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February 17, 2016

According to the intellectual venues of conservative thought, The National Review and The Weekly Standard, here is the justification for the Senate refusing to perform its constitutional duty to offer its “advice and consent” to President Barack Obama’s nominee to succeed Supreme Justice Antonin Scalia:

“The Constitution doesn’t force us to do it! Neener neener neener!”

I was expecting something a little more respectable from the Review and the Standard, but it wasn’t there.  Rich Lowry of the Review protests the twisted view of the Left to “read Article II of the Constitution giving the president the power to appoint justices with ‘the advice and consent’ of the Senate as, in effect, an affirmative obligation on the Senate to consider and approve the president’s nominees.”

Over at the Standard Adam J. White produces his findings from research he did as a Harvard Law student which taunts Senator Chuck Schumer

Can you show me the clause that says the Senate must vote on, let alone confirm, a President's nominee?

I'll save him the effort: There is no such clause in the Constitution.

Perhaps there is an unexplored field in constitutional law: measures written into the Constitution that the Founders intended to be imbecilic. Are there other constitutional provisions placed in the document by our Founders which they intended for show but not to be operational?

Or are there constitutional provisions that are operational, but just not in the final year of a Democratic president? Should Obama have been banned from giving the State of the Union Speech? If the country should be attacked can Obama perform the duties of the commander-in-chief, or do we have to wait for the people to decide in the next election? I recognize that these powers are not conditioned on the advice and consent of the Senate, but since Senator Mitch McConnell is relying on an unwritten rule called the Strom Thurmond Rule (how delicious), it’s at least worth asking what other presidential powers are informally term limited.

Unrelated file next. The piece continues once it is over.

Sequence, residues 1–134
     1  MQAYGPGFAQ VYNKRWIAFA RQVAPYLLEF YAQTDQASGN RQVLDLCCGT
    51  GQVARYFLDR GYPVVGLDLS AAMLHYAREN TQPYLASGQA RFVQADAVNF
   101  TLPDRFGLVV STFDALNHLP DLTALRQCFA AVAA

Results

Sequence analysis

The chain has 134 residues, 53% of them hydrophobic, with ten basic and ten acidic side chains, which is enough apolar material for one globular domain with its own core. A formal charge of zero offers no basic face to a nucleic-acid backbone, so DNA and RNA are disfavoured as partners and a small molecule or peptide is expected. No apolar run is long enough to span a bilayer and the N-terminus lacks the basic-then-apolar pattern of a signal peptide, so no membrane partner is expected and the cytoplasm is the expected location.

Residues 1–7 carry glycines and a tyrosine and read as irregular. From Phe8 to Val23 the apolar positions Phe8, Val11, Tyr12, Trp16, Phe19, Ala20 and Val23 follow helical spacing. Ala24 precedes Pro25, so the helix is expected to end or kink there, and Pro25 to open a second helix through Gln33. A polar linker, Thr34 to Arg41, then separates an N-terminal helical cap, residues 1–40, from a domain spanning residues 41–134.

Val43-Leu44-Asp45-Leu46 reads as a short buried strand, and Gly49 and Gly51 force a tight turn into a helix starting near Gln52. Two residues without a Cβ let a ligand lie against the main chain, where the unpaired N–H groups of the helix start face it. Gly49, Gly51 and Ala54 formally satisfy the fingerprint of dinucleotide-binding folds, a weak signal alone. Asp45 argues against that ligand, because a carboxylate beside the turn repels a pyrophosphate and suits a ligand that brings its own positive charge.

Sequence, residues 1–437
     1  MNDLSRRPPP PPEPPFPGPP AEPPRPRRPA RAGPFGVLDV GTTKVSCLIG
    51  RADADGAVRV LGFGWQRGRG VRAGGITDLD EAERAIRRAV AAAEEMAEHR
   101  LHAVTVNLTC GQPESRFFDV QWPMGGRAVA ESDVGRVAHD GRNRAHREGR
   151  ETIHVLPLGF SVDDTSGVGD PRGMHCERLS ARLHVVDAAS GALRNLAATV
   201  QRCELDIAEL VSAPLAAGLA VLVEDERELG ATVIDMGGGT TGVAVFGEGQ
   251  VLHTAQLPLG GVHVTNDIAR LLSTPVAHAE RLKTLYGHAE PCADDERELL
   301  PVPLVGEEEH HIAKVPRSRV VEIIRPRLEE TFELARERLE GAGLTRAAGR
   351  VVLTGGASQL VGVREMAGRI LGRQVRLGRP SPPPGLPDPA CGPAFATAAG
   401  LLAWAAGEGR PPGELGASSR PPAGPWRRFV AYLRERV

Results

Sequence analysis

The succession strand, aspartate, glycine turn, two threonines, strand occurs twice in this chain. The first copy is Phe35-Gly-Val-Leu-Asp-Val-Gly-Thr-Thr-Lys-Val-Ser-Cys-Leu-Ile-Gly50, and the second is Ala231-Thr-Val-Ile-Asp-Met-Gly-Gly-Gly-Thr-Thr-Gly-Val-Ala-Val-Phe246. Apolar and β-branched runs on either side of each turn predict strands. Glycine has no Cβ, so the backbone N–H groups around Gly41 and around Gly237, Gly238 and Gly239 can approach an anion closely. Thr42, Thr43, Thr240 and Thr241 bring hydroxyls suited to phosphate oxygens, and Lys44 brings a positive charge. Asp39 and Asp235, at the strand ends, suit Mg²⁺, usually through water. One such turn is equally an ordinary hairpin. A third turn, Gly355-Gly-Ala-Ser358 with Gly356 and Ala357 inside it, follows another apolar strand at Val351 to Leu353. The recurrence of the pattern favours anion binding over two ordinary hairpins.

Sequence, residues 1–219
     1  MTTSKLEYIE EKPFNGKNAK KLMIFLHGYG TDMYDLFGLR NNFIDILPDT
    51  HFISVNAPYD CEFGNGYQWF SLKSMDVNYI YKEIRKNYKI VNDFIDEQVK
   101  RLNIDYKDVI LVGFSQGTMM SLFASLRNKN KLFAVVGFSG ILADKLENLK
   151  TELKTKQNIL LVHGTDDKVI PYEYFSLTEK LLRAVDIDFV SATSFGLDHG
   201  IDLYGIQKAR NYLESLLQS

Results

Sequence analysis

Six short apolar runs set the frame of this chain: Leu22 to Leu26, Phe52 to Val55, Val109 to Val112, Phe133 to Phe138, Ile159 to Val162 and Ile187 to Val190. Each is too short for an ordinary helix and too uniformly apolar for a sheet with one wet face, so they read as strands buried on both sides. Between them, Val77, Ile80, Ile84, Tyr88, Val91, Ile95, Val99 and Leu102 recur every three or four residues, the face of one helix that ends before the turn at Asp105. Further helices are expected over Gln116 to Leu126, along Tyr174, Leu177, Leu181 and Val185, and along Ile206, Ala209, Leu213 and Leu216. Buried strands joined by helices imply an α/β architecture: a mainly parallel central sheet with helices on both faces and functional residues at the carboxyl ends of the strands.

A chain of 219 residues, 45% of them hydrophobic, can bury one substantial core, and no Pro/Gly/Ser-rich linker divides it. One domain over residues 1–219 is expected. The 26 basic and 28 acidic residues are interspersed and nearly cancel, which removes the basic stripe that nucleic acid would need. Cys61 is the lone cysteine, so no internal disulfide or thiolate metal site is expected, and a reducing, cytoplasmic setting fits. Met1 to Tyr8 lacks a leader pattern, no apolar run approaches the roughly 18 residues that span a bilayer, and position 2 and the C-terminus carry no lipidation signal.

Then there is the issue of what period Senator McConnell has in mind for the Thurmond Rule. If a Supreme Court vacancy occurred on January 19, 2016, would that be within the Thurmond Rule? How about December 31, 2015? It’s hard to know.

How about if the opening came up on January 21, 2013? Republicans didn’t like President Obama any more then than they do now. Could the Senate have simply waited the four years until the people spoke in a new election? After all, the Constitution does not say they have to vote.

Strict construction of the Constitution is more complicated than it may seem.  

Antonin Scalia, Mitch McConnell, Barack Obama

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